Fujinon XF80mm F2.8 R LM OIS WR Macro Lens
It's been about a month since Fujifilm has launched the XF80mm Macro lens and I've gotten a production copy to work with for this review. For comparison purposes (for myself mostly) I'm including a mix of images from the Pre-Production lens as well. I can definitely see some refinement in the output of the production lens and it would be interesting if you might be able to spot the same.
One major change I've made isn't gear related. I've stopped sharpening Fujifilm RAW files in Adobe Lightroom CC. Although there are operational improvements to the application I'm still leaving a lot of "image quality" on the table in the sharpening area. My previous workflow got me close (globally) but at pixel peeping distance I still see a bit of smearing/waxing/squiggly worms. I'm convinced that this is limited to the way Lightroom sharpens. However, I didn't stray too far. Sharpening now takes place in Adobe Photoshop CC and you should definitely try this method:
You can then review the image to see that it's to your satisfaction and maybe even mask it so that you can selectively apply the sharpening to the image. After years of trying different work-arounds to Lightroom this seems to be the best (for now).
For those who don't like to read long articles I'll give you a spoiler alert.
This lens is amazing and I thought as much when the pre-production copy was in my possession. The focusing is fast and smooth..and very accurate. The colour and contrast is spot on and the output images whether RAW or JPEG are sharp and full of detail. If you are shooting JPEG in camera you have lot's of flexibility for making edits to the image and of course the imaging system will take care of vignetting, chromatic aberration etc. I have no complaints with the JPEG output. If you are shooting RAW, Adobe Lightroom CC also takes care of the previously mentioned items as the lens profile data is built in. Shooting RAW of course just gives you more editing options without making permanent changes to the file itself.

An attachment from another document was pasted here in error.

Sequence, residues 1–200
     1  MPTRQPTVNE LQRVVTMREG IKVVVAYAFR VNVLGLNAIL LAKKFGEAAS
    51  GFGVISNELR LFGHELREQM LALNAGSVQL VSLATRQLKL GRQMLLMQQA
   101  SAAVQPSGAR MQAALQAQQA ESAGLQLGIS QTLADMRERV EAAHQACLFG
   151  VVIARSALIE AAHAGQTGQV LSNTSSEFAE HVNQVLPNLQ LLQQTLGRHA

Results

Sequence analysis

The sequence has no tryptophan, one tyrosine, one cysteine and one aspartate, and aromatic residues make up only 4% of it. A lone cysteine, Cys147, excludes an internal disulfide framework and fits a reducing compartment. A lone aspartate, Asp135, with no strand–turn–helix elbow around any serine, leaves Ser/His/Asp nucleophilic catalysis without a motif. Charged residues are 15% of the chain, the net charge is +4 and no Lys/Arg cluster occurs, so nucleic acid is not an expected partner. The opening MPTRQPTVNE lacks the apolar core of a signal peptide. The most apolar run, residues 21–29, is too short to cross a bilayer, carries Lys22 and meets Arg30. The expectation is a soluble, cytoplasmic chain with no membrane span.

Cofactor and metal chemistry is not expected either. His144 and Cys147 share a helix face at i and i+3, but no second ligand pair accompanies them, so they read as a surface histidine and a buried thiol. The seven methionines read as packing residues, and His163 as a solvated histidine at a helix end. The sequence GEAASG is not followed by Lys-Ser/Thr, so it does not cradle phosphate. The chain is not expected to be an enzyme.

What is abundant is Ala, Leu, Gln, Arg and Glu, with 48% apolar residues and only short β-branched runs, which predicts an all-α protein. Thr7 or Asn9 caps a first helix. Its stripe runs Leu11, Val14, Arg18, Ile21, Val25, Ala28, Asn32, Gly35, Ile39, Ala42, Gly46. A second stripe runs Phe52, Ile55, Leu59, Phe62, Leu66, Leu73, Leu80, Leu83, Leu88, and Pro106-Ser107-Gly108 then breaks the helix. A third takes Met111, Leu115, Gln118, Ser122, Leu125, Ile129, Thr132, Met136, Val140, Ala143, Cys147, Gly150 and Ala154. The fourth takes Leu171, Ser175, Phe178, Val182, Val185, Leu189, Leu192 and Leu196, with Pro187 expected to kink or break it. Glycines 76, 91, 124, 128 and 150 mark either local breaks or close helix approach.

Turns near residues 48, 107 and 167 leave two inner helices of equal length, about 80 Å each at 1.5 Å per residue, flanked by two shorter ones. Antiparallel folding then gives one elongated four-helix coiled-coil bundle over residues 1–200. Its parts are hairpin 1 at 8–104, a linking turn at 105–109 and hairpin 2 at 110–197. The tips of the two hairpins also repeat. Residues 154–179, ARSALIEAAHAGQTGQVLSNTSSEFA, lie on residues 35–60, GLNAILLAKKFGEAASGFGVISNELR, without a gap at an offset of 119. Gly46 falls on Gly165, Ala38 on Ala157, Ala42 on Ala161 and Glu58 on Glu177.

The image stabilisation works as advertised..really well. I've pulled off shots at 1/5 seconds (with practice) handheld and it seems to work well enough even on a tripod without turning it off. The water resistance definitely works. As I write this the rain is pouring down in my part of Canada cutting short my hike in cottage country but not before I got soaked to the skin. The lens...and camera are fine but my new Kanati-Print camo outfit is hanging over the heater.
And here is what you are waiting for...it's sharp. Sharper than the pre-production copy. That may be a placebo effect messing with me but I do like the new images..there is more "bite" to the in-focus areas. Also the out of focus areas are definitely smoother. I'm not sure yet just how much of that is due to my new sharpening method but the pre-production copy could be a little busy in some shots.
OOF shot of the city lights off my balcony at F2.8
Compared to the XF60mm F2.4 Macro...this is literally night and day. Faster focusing, Sharper to my eyes with improvements to the colour and contrast. I'm also seeing a big difference in the micro-contrast..fine hairs and textures are definitely being rendered better. The OOF areas are much smoother...the XF60mm Macro is busier. I'm keeping the XF60mm though. It's still a very nice lens in that focal length.
XF60mm F2.4 R Macro | F4, 1/220, ISO200
Compared to the GF120 F4 MF Macro..wow. Almost identical in every way except the XF80mm focuses faster. After-all, there is less glass to move. The sharpness and organic image rendering of the medium format lens is right there in the XF80mm. Big praise because that GF120 lens sold me on the new system format. The colours aren't "hyper" or loud...very natural feel.
GF120mm F4 R LM OIS WR | F4, 1/60, ISO100
Now for the rest of you...